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Storm season is here - and something new at Radio Shack

Radio for me lately has been reduced to preparing to organize several public service events, taking Skywarn classes and preparing for various NSRC presentations. Occasionally, I turn on the HF rig! Still, this has been a terrific, enriching time. I attended the very popular DuPage Advanced weather seminar last month and found the experience most satisfying. They had several college professors as presenters and offered some top notch topics. Many of the presentations focused on the structure of super cell storm systems, the kind that produce potentially dangerous tornados. The pictures of the storms taken on various storm chasing expeditions were simply spectacular, very dramatic but also quite informative. There has been a tremendous amount of on the ground research done by these brave souls during storm events in recent years. Of course, they said that these storms are not isolated to farmland in Kansas, that big cities can also be hit…and that Chicago is due, if you follow climatological trends.

One very interesting discovery for me - they had data on some of the biggest storms in history…and there was one series of storm tracks over Illinois and Indiana in 1965. It was one of the biggest storm events in recent times. I was a Boy Scout in South Bend and I remember being mobilized by our Troop to help clean up after the tornados hit. The damage was amazing.the ground had scars where the tornados touched the earth. You could follow that path to a demolished building or uprooted tree. It was a very visible display of the power at work there. So, with that as a backdrop, I am boning up my ham gear to support our Skywarn team, now that we are approaching storm season.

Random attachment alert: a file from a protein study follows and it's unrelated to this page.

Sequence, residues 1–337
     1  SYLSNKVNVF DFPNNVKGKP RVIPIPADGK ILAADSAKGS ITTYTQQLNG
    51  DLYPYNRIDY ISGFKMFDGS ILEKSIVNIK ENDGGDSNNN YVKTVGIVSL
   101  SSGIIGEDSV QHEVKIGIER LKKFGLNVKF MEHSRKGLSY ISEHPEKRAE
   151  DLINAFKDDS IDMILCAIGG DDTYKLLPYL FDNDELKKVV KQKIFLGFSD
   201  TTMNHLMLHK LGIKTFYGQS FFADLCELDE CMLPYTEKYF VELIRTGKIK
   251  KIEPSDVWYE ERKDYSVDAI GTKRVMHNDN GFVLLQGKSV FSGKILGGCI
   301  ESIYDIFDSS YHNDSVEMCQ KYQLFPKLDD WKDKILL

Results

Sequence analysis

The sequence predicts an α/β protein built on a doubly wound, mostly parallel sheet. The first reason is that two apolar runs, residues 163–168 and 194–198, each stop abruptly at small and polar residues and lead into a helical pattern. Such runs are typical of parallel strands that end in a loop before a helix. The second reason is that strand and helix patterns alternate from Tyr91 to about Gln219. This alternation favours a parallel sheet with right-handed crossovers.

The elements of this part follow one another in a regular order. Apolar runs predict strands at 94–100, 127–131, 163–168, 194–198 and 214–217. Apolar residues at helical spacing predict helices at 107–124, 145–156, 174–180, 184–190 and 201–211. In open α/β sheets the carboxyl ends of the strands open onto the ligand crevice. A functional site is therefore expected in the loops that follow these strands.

In preparing to do my class on kit building, I was absolutely thrilled to discover the new “Radio Shack” now called the Shack, I think. Anyway, I have been very dismissive of them in recent times, but this time I went in to seek out some robotic toys that I thought I could build for my grandson. Of course, the toys were sold out, but I discovered a whole new initiative at my local store to offer electronic building block kits. Most of this is created around the Arduino breadboard projects that enable people to experiment or build all sorts of new devices. The young man who helped me was amazing. His eyes lit up and he got very animated when he talked about all that these little things could do. I don’t think I have ever been in a Radio Shack store where I could make that statement. Of course, before I left, they did try to sell me a cell phone! So I nibbled…seems like the least I could do to accommodate his welcome advice.

Finally, several of us are going to be helping with the Shamrock Shuffle. This is the world’s largest 8K event. Nearly 35,000 runners. I used to run this event myself, but now I am stuck in a cold tent, helping provide radio support to the medical teams in the field. It has been a great partnership for ham radio and fun to be involved with something on this scale. This event is not nearly the size of the Chicago Marathon, so we only have 19 hams helping out…the Marathon requires close to 119. These events have become very good ways for ham radio to be of use to our communities and serve the public good. It has been more difficult to find consistent public service roles with served agencies for ham radio, since so much depends on waiting for events to occur. In the Chicago area, we are blessed with many, many professional service agencies. As a result, it is not an easy sell to offer ham radio operators as a volunteer force. No one wants a volunteer…well, until they need one. One place where there is a connection for hams has been the CERT courses that are being offered. The notion being that you and your neighbors should be prepared to serve as first responders in your neighborhood in the event of a true disaster, since most public service might be overwhelmed. There has been an increase in interest in ham radio among this population and I think it is a welcome trend.

So, see you around the block, if not on the air.